Military Leaders Are Readers – Reading List for Future Officers

Most high school students only have a vague idea about the life of a commissioned military officer. Even students from military families experience military life at one degree of separation. What’s more, they are usually watching a parent who has spent a dozen or more years gaining both experience and rank — two qualities they will lack if they join the military.

Military Reading Lists

I am a big reader, which leaves me prone to thinking that a book might just be the solution to most problems. While that might not be true for every situation, I do think books offer a chance to walk a mile in someone else’s boots. A memoir lets the reader, experience some of the thoughts and feelings of a new leader. This can help students decide if joining the military is a good choice for them. Most commissioning programs require an interview. These books can give a student a reference point when explaining why they want to become an officer.

In 1989, USMC Commandant General Al Gray issued the first Marine Corps Commandant’s Reading List. He viewed reading as a means of honing professional skills. Since then, military professional reading lists have proliferated. Most services have a robust list, sometimes several (service chief, senior enlisted, combatant commanders). I’ve gone through the current lists, older lists, recommendations from shipmates, and my personal favorites. I picked titles that might appeal to and inform someone who is young and new to the military.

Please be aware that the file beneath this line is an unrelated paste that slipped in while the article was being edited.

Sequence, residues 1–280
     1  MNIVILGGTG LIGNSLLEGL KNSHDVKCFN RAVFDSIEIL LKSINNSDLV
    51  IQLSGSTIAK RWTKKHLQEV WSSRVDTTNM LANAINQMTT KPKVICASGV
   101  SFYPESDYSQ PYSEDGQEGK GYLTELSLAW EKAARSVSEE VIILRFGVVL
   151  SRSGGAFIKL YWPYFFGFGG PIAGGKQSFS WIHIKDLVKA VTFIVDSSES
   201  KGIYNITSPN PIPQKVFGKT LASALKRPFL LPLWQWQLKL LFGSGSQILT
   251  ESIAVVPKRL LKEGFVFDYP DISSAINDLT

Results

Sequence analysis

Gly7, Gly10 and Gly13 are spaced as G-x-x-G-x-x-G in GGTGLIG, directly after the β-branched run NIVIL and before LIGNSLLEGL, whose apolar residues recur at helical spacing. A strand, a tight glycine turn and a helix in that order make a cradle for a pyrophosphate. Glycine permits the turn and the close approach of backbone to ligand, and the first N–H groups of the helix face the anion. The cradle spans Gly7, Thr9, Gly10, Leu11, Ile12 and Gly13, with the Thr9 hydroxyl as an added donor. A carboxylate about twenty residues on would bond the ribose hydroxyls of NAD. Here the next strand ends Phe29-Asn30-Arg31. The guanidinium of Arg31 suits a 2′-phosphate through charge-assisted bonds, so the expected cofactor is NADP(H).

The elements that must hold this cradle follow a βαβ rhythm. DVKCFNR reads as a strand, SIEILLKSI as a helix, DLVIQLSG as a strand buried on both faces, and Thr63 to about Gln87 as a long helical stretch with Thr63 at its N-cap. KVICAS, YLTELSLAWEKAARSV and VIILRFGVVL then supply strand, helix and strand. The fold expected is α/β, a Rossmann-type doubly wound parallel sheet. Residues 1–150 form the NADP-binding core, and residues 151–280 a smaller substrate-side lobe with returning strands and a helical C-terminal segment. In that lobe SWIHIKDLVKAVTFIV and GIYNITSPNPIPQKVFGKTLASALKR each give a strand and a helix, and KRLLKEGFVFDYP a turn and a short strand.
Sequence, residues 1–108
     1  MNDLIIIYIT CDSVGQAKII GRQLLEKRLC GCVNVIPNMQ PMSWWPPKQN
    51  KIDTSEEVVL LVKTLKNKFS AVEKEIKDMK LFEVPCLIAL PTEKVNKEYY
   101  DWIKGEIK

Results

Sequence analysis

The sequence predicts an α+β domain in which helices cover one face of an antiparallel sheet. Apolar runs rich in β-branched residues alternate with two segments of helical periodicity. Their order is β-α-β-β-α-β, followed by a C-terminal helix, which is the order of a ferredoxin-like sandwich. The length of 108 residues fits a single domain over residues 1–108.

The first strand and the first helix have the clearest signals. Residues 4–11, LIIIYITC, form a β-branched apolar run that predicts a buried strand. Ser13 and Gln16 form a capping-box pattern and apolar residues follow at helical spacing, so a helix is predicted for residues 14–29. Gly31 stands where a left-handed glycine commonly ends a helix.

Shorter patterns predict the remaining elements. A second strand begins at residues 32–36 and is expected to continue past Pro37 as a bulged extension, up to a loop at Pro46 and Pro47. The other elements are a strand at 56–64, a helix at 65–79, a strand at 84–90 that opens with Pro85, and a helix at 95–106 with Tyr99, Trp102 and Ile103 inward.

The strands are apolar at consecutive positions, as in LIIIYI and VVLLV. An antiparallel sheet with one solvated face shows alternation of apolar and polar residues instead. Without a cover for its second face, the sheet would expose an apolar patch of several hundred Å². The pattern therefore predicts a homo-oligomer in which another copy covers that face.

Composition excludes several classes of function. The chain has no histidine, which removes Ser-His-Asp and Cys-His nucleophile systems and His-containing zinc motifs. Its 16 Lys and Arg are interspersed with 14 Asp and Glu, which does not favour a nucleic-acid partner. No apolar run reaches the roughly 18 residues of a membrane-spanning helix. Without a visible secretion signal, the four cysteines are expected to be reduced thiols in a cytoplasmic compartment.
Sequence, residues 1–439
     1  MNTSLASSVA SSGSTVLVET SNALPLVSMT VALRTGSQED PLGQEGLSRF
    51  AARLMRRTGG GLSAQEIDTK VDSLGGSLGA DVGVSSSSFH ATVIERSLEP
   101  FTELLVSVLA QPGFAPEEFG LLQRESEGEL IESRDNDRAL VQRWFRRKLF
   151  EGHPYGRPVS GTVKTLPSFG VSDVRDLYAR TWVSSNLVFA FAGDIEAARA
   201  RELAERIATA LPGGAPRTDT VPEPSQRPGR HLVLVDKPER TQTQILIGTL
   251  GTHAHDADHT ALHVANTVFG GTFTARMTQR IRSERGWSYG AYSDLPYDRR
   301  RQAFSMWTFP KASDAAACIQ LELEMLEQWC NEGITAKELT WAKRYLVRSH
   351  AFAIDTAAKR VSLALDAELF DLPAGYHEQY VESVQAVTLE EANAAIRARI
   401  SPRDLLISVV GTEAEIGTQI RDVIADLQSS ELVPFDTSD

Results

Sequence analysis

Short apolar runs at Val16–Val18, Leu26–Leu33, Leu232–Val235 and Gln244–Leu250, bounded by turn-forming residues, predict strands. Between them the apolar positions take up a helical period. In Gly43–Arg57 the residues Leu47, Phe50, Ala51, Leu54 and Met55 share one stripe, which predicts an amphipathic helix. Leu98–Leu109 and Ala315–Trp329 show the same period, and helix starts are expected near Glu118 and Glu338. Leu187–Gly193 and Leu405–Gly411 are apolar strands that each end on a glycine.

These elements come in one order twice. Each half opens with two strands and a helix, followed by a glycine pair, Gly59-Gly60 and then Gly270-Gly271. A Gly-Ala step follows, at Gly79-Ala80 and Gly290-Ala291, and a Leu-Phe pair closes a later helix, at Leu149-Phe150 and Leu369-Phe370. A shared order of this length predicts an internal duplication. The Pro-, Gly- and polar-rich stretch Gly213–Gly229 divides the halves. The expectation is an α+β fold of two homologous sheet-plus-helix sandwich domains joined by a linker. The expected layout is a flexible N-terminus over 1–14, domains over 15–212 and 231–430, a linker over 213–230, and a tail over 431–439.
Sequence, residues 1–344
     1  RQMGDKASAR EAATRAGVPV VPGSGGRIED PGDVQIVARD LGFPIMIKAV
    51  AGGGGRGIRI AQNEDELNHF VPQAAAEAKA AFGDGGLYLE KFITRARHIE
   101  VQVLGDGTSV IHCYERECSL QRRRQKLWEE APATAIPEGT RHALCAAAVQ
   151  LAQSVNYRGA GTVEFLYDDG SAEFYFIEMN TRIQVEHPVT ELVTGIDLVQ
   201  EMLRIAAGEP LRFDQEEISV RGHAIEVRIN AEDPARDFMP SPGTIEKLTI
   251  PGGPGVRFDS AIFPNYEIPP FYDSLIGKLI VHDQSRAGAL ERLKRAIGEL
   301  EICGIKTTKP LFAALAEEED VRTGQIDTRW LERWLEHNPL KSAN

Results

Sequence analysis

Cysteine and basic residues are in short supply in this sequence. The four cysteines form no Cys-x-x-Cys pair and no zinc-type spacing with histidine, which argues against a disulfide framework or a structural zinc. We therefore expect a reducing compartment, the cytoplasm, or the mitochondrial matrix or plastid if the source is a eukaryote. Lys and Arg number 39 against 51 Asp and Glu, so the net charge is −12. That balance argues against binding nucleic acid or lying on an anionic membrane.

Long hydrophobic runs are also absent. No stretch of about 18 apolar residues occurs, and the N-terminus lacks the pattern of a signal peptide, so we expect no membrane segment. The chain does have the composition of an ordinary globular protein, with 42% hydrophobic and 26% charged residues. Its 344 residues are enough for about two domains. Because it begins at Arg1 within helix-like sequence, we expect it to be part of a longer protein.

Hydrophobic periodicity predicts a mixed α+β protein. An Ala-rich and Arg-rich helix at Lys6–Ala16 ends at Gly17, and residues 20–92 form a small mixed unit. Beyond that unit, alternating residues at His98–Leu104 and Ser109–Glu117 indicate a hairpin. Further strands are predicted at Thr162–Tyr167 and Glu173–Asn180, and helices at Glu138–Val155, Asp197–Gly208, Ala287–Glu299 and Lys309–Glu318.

The list is heavy on memoirs, fiction, and engaging unit histories. It is intentionally light on strategy and lengthy biographies (with apologies to my Naval Academy classmate who suggested Corbett’s Principles of Maritime Strategy). My hope is that reading some of these will help high school students consider if military service is a path they want to pursue. They may also help future midshipmen, cadets, and junior officers remember they are not alone in needing to make hard decisions with inadequate information under stressful situations.

Many of the books above can be found on audio, which might make them easier to fit into a busy schedule. These suggestions lean towards the Navy and Marine Corps team, because that is where more of my personal reading has been concentrated. I’d love to hear other suggestions if you have a favorite read you think captures part of the experience of junior officer experience.

Histories and Military Memoirs

Stephen Ambrose, Band of Brothers: E Company, 506th Regiment, 101st Airborne from Normandy to Hitler’s Eagle’s Nest – The story of Easy Company from training through D-Day, the Battle of the Bulge, and combat through Germany. Based on extensive interviews and research, the book shows the combat experience of soldiers who are determined, but not career Army. This book was the basis of the 10-episode Band of Brothers miniseries directed by Tom Hanks. It would be hard to pick an episode of the series that is most impactful, but future officers would be well served to watch at least the first two episodes, Currahee and Day of Days.

The US Naval Academy Class of 2002, In the Shadow of Greatness: Voices of Leadership, Sacrifice, and Service from America’s Longest War – This is a compilation of essays written by members of the Naval Academy Class of 2002 that was published around the ten-year anniversary of their commissioning. They were first class midshipmen (seniors) when the September 11, 2001 attacks occurred. Chapters include stories of combat as well as life outside the Navy, each from the viewpoint of fairly recent graduates. The strengths of this book are the variety of voices and the fact that time had not yet softened their experiences when they sat down to write.